South Korea is highly underrated as a travel destination. Often overshadowed by its well-known neighbors Japan and China, as well as headline-grabbing other half, North Korea, the southern part of the peninsula has been off-the-beaten-track for years. But things in Korea are changing. Lonely Planet listed South Korea as THE place to visit in 2013, Jeju island was voted one of the 7th wonders of nature this year, Gangnam Style is still topping the charts (you know you love it!), and South Korea is #9 on BootsnAll’s 2013 Indie Travel Destinations, but tourism is definitely on the increase, and there has never been a better time to visit.
“Now what does that have to do with winter?” I hear you ask! Well, while the allure of warm summer nights and cherry blossom springs have drawn a few inquisitive travelers (and thousands of ESL teachers) to the peninsula in the past, not many people venture out to this side of the world once the temperatures drop below minus. Last year; however, it was announced that Korea would be hosting the next winter Olympics, and the country stepped up to the challenge boldly, developing winter sports and activities at the kind of rapid rate which defines South Korean culture in all its modern glory. It’s not your typical winter vacation – but then that’s all part of the appeal!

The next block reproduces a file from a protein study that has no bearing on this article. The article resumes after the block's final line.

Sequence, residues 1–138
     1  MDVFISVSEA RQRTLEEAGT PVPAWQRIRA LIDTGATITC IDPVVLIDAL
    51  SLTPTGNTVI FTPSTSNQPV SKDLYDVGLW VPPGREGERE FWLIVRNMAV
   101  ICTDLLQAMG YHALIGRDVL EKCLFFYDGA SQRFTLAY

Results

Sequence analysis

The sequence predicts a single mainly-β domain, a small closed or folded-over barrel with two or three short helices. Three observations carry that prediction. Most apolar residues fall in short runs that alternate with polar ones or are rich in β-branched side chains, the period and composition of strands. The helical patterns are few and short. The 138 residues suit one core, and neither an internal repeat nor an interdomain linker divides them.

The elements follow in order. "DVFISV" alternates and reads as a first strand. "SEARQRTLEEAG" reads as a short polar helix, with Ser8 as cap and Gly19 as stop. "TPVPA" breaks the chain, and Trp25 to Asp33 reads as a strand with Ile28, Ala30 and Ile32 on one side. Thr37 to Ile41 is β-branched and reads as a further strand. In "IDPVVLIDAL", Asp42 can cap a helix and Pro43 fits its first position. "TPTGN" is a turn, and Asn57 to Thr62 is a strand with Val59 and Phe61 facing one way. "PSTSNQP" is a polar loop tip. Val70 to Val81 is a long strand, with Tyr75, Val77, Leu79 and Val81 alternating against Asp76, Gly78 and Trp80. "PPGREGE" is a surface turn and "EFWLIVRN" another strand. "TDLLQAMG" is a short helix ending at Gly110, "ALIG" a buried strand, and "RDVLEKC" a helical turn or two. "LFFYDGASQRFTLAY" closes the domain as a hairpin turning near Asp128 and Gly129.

So what is there to do in Korea during the winters?
Warm-up and scrub-down at the jimjilbang
When the weather outside is frightful, there is nothing better on earth than a Korean jimjilbang (public bath house). So long as you can cope with mandatory nudity (don’t worry, it is gender segregated), then you can’t help but fall in love with this quintessential Korean experience. Bubbling tubs of water, steamy saunas, and warm on-the-floor sleeping rooms make up the extent of the traditional jimjilbang, although some offer quirky variations such as baths infused with medicinal herbs and walls inlayed with healing crystals and woods.
Since most jimjilbangs stay open 24 hours and have a special areas for sleeping, jimjilbangs can double up as cheap accommodation for budget-conscious travelers as the entrance fee is usually around 10,000 won ($10USD) or less.
Jimjilbangs are also a great place to soak up and strip down Korean culture (literally). In such a fast-paced and hardworking country, it can be a rarity to see Koreans relax. At the jimjilbang, people really let loose. Families come to spend time together and even play cards and eat snacks in the communal rooms, grandmothers squat on chairs in front of vanity mirrors to wash the hair of their younger family members, men host leisurely business meetings with their closest clients, and young couples put on matching face packs and flirt in the co-ed areas.
Take a bite out of Korea’s seasonal dishes
As temperatures dip in the peninsula, the cuisine peaks. Korean food, vast and versatile in nature, literally wraps itself around the four seasons, with different dishes coming out at different times of year, perfectly suited to the weather.
The national dish, kimchi (fermented vegetables mixed with spices), was traditionally the only vegetable that was eaten during winter, and its invention came as a solution to the problem of malnutrition during cooler periods when fresh fruit and veg were unavailable. Nowadays, of course, you can get all the fresh vegetables you want during winter, but Koreans still follow tradition by preparing their kimchi in the pre-winter period and breaking out a fresh batch once it gets cold.